When Sir John Bond joined HSBC in 1961 as a 20-year-old trainee, it was at a local bank in Hong Kong.
Today, after 45 years' service - including five as chief executive and seven as chairman - HSBC proudly calls itself "the world's local bank".
And it is the 64-year-old Englishman who has been credited with creating this global banking powerhouse, based in London but recognised all over the world, with 110 million customers and annual profits of more than £9 billion.
It is now one of the world's largest banks, snapping at the heels of Citigroup of the US.
In the last 12 years, Sir John has overseen more than 50 acquisitions worth more than £29.3 billion, including deals in France, the US, Malta, Mexico and Bermuda.
HSBC has also expanded into mainland China with a
19.9 per cent stake in the Bank of Communications - the country's fifth largest bank - and another 19.9 per cent in Ping An Insurance.
And it was quoted on the New York stock exchange on Sir John's watch, in addition to its listings in London and Hong Kong.
Such is his impact that the married father of three was knighted for his services to banking in the Queen's birthday honours in 1999. And earlier this month he came seventh in The Times newspaper's Power 100 rankings. Sir John is also a director at Vodafone and Ford.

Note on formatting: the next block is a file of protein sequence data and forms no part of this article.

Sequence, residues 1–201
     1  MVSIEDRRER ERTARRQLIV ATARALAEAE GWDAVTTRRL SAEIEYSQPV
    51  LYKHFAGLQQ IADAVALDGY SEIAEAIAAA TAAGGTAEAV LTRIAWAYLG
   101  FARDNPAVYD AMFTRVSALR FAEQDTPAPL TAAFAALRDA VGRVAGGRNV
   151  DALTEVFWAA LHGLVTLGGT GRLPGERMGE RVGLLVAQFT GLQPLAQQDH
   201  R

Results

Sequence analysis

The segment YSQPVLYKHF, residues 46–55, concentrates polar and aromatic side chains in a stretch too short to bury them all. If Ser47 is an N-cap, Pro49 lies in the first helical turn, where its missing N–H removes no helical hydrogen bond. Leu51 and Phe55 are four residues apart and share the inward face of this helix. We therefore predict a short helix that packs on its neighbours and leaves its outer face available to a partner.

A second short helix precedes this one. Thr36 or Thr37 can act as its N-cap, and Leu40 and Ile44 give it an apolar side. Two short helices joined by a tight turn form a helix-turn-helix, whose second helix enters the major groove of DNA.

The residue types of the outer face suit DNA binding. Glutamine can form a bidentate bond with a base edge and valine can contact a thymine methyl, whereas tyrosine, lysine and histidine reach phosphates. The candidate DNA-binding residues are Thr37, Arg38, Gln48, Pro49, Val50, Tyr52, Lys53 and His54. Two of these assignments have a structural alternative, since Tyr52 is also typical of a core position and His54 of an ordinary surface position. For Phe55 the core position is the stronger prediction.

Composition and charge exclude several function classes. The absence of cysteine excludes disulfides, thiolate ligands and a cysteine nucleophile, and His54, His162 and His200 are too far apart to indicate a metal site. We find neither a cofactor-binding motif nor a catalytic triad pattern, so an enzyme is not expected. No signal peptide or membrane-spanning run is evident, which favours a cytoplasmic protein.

Dresdner Kleinwort Wasserstein analyst Simon Maughan said: "It's Bond who has cast HSBC as one of the top banks in the world and that's an important legacy to leave."
Sir John joined HSBC - then known by its full name of Hong Kong and Shanghai Banking Corporation - in 1961. He started in Asia, where he worked for 25 years, before moving to the US for four years in 1986.
In 1988 he became an executive director, and moved to Hong Kong in 1990 when he assumed responsibility for the group's commercial banking operations. He returned to the US in 1991 as president and chief executive of HSBC USA.
On January 1 1993 Sir John became chief executive of the group and oversaw the integration of Midland Bank in the UK when it was bought by HSBC in 1992.
He was appointed chairman in May 1998. Fixated with keeping costs down, Sir John travelled to work on the Tube and ordered employees to turn off the lights when they left the office each day. It was also said that he started meetings by working out the hourly costs of the staff present and writing the figure up for all to see.
Sir John will stand down as chairman at the AGM on May 26 next year and will be replaced by current chief executive Stephen Green as HSBC sticks to its tradition of promoting company insiders.
In its 140-year history HSBC has never hired someone from outside to lead it.
Mr Green, a 57-year-old father of two, was appointed chief executive in 2003 after joining the company in 1982 to oversee corporate planning.
The Oxford graduate, who also has a master's degree from the Massachusetts Institute of Technology, became chairman of the banking arm in January this year.